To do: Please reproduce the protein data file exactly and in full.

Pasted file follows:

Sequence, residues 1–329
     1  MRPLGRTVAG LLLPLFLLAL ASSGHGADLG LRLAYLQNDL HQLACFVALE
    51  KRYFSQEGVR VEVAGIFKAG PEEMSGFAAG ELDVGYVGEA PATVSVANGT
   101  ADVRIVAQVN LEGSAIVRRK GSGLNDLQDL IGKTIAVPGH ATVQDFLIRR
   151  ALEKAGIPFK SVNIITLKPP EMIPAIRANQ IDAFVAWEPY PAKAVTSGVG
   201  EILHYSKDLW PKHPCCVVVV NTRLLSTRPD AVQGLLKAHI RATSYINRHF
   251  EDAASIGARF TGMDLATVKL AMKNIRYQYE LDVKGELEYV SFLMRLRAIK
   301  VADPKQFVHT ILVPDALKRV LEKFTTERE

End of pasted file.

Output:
Sequence, residues 1–329
     1  MRPLGRTVAG LLLPLFLLAL ASSGHGADLG LRLAYLQNDL HQLACFVALE
    51  KRYFSQEGVR VEVAGIFKAG PEEMSGFAAG ELDVGYVGEA PATVSVANGT
   101  ADVRIVAQVN LEGSAIVRRK GSGLNDLQDL IGKTIAVPGH ATVQDFLIRR
   151  ALEKAGIPFK SVNIITLKPP EMIPAIRANQ IDAFVAWEPY PAKAVTSGVG
   201  EILHYSKDLW PKHPCCVVVV NTRLLSTRPD AVQGLLKAHI RATSYINRHF
   251  EDAASIGARF TGMDLATVKL AMKNIRYQYE LDVKGELEYV SFLMRLRAIK
   301  VADPKQFVHT ILVPDALKRV LEKFTTERE